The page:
Home » Campus » Area » Plastic bags to adorn South Oval in environmental act

Plastic bags to adorn South Oval in environmental act

Please follow and like us:
Facebook
Google+
Twitter
Some OSU students groups plan to take to the Oval on Friday to raise awareness about the effect paper and plastic bags have on the environment. Credit: Courtesy of Lucas McClish

Some OSU student groups plan to take to the Oval on Friday to raise awareness about the effect paper and plastic bags have on the environment. Credit: Courtesy of Lucas McClish

Even though the weather is warming and the snow is long gone, the South Oval is set to evoke the spirit of the holidays with carefully draped garlands made of an unconventional material­ — plastic bags.

Several student organizations are set to string garlands on Friday in an effort to raise awareness about the effect paper and plastic bags have on the environment.

From 10 a.m. to 4 p.m., students from Project Green OSU, Students for Recycling, the Undergraduate Student Government Sustainability Committee, the Society of Environment, Economy, Development and Sustainability, along with Students for a Sustainable Campus will be hanging chains of plastic bags along lamp posts on the South Oval.

Erin Mundorf, the vice president of SSC and a third-year in environmental engineering, said each chain will hold 500 plastic bags, which represents the average amount of bags a person uses per year.

SSC went door-to-door for the past semester collecting bags, hoping students will realize the impact they have on the environment. In addition to collecting bags, they were collecting signatures for a petition that would add a 10-cent fee for every paper or plastic bag customers used at a store in Columbus, Mundorf said.

“I think you need to make visual impacts, like our chain displays, to really show people what their effects are,” Mundorf said. “When they get rid of their bags, they don’t see them in landfills, but if you put it right in front of their face in a long chain, ‘This is your impact every year,’ that makes it much simpler for people to understand and make a change.”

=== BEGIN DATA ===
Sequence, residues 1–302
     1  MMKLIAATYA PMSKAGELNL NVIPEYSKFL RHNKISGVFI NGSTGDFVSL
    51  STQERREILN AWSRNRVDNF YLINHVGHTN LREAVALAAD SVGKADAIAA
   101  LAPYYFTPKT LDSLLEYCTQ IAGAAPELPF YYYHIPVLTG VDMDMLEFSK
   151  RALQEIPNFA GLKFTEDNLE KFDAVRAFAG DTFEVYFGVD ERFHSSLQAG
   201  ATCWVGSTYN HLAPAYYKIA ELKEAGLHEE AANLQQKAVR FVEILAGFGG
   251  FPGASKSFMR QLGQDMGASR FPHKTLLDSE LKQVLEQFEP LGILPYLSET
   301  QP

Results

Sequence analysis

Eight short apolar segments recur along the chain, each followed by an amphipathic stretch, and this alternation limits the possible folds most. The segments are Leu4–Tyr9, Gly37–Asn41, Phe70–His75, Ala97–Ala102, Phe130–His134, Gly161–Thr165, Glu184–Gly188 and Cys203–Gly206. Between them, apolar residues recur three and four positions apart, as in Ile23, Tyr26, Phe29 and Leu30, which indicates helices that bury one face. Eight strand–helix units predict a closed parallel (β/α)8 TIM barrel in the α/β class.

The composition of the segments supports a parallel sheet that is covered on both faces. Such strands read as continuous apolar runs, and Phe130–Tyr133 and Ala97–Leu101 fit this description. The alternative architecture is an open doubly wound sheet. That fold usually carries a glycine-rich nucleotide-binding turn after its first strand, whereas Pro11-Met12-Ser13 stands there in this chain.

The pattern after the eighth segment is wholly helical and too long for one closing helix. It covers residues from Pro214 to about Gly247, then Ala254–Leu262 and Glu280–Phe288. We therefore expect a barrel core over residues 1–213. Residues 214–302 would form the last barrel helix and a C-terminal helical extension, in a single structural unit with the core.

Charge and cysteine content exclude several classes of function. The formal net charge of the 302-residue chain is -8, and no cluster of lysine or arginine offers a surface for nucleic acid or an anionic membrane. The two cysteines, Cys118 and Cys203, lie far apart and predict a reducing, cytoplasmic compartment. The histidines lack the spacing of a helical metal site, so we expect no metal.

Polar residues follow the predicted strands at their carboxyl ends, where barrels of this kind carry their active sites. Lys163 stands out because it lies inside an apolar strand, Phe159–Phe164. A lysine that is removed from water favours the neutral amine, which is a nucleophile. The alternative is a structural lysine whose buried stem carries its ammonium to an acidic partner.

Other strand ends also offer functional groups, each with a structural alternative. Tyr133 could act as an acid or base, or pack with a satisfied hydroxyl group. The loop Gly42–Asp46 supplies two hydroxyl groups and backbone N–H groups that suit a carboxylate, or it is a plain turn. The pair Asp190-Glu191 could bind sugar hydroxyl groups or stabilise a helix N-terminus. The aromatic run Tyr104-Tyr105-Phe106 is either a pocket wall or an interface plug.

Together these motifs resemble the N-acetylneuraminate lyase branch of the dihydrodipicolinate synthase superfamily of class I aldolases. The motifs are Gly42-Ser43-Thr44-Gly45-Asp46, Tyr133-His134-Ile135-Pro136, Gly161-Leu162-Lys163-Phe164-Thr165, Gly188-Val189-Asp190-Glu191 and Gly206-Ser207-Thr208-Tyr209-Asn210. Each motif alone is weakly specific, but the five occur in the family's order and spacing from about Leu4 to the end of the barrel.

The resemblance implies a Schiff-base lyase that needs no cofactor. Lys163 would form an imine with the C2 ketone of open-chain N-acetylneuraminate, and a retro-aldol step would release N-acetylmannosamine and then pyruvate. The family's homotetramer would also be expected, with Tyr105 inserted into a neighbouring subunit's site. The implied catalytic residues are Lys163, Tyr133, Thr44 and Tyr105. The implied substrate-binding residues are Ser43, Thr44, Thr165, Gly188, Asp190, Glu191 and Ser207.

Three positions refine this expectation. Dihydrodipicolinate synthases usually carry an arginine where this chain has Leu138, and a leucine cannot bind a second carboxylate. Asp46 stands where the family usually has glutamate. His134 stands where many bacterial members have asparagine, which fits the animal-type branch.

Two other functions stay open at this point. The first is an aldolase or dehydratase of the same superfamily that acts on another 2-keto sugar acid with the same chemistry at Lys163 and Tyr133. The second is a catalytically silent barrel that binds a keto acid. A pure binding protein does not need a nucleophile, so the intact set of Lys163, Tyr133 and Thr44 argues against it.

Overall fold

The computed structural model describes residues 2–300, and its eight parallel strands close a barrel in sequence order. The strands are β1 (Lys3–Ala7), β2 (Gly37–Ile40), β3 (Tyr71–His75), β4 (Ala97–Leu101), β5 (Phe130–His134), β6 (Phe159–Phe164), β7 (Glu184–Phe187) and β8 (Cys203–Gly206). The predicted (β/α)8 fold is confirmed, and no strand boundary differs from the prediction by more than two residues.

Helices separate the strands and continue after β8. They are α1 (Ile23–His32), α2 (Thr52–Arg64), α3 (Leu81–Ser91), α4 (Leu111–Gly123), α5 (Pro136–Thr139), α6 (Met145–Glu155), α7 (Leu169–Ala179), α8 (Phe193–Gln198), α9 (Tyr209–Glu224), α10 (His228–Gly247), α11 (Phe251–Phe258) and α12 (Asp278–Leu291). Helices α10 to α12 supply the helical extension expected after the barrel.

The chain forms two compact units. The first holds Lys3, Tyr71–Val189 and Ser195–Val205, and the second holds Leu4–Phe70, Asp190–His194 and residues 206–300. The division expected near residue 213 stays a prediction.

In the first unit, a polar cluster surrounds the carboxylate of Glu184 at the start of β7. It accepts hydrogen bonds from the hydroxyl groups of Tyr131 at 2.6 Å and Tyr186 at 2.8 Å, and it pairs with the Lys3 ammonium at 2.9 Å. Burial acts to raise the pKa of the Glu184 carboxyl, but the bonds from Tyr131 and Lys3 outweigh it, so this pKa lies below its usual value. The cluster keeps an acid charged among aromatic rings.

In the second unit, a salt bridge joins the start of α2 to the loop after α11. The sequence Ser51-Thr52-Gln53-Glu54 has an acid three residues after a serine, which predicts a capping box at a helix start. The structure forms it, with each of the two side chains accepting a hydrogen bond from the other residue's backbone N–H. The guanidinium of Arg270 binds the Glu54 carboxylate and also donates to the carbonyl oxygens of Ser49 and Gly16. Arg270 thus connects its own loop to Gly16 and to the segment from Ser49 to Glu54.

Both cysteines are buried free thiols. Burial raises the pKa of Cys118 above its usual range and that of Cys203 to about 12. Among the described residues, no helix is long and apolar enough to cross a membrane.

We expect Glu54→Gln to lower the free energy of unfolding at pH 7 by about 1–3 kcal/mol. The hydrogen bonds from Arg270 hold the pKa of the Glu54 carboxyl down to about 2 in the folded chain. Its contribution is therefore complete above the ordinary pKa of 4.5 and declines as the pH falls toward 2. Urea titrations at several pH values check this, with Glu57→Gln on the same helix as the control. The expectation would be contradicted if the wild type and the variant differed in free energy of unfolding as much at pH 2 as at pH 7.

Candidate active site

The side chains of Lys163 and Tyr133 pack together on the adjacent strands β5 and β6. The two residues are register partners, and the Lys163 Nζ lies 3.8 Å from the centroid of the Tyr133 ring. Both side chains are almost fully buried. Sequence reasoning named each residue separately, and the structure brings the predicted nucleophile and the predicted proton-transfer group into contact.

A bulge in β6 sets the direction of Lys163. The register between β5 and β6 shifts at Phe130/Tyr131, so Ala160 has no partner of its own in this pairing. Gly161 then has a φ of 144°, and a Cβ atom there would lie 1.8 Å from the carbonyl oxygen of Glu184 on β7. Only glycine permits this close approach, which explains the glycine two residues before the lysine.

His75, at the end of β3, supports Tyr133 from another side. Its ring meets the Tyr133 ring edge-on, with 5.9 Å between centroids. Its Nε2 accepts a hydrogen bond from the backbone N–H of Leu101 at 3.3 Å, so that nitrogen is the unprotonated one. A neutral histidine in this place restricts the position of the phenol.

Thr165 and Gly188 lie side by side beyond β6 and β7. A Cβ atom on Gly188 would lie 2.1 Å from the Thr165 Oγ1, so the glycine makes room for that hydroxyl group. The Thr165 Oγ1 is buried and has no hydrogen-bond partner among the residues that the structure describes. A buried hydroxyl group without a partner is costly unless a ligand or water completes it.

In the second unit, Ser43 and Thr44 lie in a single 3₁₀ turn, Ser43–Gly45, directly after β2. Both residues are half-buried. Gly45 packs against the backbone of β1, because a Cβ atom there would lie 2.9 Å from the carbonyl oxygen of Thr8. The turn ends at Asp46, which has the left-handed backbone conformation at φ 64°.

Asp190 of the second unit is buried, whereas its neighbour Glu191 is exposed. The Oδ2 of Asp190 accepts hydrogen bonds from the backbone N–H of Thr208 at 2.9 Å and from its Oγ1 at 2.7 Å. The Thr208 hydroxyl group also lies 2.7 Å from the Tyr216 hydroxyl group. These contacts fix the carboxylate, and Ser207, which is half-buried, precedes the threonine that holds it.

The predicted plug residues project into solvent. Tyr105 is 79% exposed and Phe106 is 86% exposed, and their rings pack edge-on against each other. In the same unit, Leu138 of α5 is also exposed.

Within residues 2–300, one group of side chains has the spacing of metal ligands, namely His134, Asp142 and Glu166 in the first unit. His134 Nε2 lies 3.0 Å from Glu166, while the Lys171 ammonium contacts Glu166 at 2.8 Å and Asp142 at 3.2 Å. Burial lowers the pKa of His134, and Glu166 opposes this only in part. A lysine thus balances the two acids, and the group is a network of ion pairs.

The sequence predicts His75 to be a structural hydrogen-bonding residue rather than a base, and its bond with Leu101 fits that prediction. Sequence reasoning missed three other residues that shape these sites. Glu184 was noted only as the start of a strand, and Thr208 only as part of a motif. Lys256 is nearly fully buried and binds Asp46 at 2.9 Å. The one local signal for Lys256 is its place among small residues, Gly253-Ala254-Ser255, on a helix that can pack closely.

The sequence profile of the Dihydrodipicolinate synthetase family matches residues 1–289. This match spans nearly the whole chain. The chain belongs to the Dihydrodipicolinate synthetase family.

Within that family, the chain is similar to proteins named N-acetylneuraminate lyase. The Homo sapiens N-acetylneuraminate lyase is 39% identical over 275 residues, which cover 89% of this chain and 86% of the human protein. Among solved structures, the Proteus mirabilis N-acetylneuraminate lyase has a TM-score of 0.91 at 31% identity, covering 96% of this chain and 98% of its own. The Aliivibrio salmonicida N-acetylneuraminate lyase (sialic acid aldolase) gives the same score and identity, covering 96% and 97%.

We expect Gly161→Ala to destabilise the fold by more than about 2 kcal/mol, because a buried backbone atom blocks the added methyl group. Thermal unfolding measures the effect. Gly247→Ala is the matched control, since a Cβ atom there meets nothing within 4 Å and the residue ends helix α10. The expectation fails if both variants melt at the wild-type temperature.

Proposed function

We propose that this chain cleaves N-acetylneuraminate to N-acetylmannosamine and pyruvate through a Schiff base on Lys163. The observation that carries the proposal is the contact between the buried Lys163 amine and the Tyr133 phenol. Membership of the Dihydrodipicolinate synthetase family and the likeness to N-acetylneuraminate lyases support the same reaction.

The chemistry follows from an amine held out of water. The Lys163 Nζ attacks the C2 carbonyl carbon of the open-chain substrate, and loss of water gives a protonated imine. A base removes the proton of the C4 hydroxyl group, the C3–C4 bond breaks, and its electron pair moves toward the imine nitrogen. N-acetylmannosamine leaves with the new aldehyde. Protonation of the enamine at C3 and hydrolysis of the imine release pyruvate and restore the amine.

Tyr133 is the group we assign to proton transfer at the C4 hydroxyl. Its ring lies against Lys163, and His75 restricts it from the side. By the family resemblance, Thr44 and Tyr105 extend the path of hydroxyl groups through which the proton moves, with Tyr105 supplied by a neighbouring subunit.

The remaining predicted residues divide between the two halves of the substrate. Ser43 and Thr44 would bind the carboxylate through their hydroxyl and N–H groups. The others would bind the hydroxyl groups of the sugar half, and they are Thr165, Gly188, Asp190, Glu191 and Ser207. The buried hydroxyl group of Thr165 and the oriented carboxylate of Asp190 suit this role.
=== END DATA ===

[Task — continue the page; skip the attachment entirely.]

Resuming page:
The students’ petition aligns with part of Mayor Michael Coleman’s 2015 Columbus Green Community Plan — Green Memo III.

One objective of the plan is to “reduce litter waste to 50 percent below state average or less than 238 pounds per road mile over the next five years,” with one solution being to “incentivize use of reusable bags and consider a surcharge or ban on single-use bags,” according to the “Waste Reduction” section of the memo.

Tarek Akkari, USG Sustainability Deputy Director and a fourth-year in environmental policy and decision making, said he hopes students will see the bags and wonder what they are there for.

“It’s important to me because I don’t think people realize how many bags that they use over the semester,” Akkari said. “It’s just incredible how many bags people have stuffed under their sinks.”

The student organizations have presented their petition to Mayor Coleman’s Green Team, who stated that 600 signatures would show community support, Mudorf said. The petition has about 700 signatures currently, but they are going to keep searching for supporters, she added.

“We live in a way right now that is destroying the planet, that will make it impossible for future generations to live on the planet, and we need to recognize that and change how we live in order to allow people and others animals to continue to live on Earth,” she said.

2 comments

  1. You do know that everything they are wearing can be recycled. The reusable bag has the larger footprint. This feel good ban plastic thing is just so wrong. It’s based on faulty science and exaggerations. The kids get educated by the special interest without bringing in the other side. So sad.

  2. Hold up—are these people being serious?

    They say we “live in a way right now that is destroying our planet,” but then want to tax people for using paper and plastic bags. How is a tax going to make it possible “for future generations to live on this planet?” It will do nothing but hurt the poor; those who struggle the most in our community.

    That kind of regulation is what will make life much harder for future generations. These “sustainability” groups need to likewise “recognize that” and “change.” The solution to this “plastic bag problem” is out there somewhere, and it will have NOTHING to do with taxation. All of our planet’s environmental concerns can—and hopefully will—be solved through economic and technological advancement. Without the prosperity of people, there will be zero expansion towards a more sustainable world.

Leave a Reply

Your email address will not be published.